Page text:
By way of disclosure, Nathan’s Voice (a ministry of our fellowships) – and Marianne and I – know and have been involved in helping some of the victims of leadership abuse at SGM, so we’ve seen the carnage up close and personal.
In his blog about the SGM scandal, Norvell says:
I fear those public statements [of support for C.J. Mahaney] reflect the private thoughts of men who, whether by will or ignorance, are clustering around the spoils of the proud when their calling is to be of a lowly spirit with the poor and oppressed. Even if Mahaney is a victim of some false accusations, his rush back to the platform and the efforts of his friends to protect his place at the head table ought to prompt some deep, Gospel-driven questions about how insulated some of these men seem to be from the thousands of sincere, Gospel-loving followers of Jesus they lead, formally and informally.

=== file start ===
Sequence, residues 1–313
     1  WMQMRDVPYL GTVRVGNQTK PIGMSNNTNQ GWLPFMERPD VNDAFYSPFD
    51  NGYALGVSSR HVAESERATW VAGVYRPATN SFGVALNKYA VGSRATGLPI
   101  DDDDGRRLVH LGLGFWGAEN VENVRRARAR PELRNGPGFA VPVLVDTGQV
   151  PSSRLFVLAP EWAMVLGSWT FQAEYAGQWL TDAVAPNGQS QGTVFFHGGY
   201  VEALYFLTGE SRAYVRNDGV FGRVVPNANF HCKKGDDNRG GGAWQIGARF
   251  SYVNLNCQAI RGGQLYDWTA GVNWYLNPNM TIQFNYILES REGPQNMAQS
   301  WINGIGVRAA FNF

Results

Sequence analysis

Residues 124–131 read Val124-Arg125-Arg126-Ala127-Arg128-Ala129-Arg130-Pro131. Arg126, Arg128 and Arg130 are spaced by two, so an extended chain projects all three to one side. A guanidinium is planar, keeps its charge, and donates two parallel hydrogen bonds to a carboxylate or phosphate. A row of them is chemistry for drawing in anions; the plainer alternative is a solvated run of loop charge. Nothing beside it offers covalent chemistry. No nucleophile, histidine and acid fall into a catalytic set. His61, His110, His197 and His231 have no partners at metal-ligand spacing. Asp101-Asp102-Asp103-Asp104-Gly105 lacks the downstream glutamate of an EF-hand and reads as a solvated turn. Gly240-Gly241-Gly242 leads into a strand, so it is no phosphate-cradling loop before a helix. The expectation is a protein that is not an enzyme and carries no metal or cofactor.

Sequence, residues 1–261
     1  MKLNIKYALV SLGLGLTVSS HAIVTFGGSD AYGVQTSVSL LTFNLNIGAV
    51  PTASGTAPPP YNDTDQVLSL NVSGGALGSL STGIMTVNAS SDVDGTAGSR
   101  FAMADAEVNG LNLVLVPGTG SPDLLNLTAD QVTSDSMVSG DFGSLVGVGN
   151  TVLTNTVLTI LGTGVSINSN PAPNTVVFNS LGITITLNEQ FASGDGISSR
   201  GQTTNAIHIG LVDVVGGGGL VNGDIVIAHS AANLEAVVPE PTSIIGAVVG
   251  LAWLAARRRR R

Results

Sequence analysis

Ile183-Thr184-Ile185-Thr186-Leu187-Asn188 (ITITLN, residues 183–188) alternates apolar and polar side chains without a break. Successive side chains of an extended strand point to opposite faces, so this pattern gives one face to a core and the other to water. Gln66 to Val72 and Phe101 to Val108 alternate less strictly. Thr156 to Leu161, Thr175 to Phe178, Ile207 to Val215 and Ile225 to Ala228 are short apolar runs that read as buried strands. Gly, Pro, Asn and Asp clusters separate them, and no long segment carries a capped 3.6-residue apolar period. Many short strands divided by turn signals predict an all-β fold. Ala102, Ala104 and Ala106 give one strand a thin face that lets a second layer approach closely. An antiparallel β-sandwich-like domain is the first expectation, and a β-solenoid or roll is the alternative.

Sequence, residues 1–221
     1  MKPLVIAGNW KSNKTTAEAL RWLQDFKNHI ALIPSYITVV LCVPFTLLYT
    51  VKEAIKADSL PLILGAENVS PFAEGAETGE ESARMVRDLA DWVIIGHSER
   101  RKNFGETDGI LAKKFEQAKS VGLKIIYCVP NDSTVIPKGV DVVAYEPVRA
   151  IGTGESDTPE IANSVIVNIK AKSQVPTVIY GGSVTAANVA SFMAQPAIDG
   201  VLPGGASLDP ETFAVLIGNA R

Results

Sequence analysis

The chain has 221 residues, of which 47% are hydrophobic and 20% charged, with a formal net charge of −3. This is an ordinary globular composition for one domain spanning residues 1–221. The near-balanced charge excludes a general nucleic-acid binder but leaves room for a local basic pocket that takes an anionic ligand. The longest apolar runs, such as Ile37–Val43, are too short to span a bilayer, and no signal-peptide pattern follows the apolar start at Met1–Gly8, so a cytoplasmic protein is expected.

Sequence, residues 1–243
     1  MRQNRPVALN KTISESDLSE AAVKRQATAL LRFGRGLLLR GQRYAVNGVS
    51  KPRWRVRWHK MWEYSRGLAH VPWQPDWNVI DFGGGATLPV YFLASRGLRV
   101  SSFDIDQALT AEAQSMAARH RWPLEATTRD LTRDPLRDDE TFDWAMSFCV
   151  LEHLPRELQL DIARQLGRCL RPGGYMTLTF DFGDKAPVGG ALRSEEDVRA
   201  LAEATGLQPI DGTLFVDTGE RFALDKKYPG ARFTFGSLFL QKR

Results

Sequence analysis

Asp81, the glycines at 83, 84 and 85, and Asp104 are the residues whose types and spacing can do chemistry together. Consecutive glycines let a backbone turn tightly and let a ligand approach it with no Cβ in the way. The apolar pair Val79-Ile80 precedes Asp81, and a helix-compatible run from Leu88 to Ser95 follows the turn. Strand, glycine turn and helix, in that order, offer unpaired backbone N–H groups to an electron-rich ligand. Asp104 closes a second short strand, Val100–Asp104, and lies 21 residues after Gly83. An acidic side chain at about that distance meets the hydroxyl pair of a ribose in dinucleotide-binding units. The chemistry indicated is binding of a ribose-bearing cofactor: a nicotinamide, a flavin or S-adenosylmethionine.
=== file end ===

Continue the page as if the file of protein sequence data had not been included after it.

As our own fellowships have confronted the history of sex abuse by Frank Viola in the organic church community, and watched the desperate efforts by those who are “clustering around the spoils of the proud” by defending him to protect their “movement” and their own status, we see the same thing happening.
I wept as I read Norvell’s blog. Change the names, but the story’s the same. I’ve seen it time and time again.
When will we ever learn?
It’s sad. Very, very sad…
Why do Word of Faith Christians Become Jaded?, by Eric Hyde
“After years of involvement with [Word of Faith] thinking this is often what the believer is left with – a unidirectional love affair with God where God does all the active-loving (i.e. ‘works’) and the believer does all the receiving. The trouble, of course, is this simply doesn’t work (and, it’s incredibly boring). God is not in the unidirectional love business.”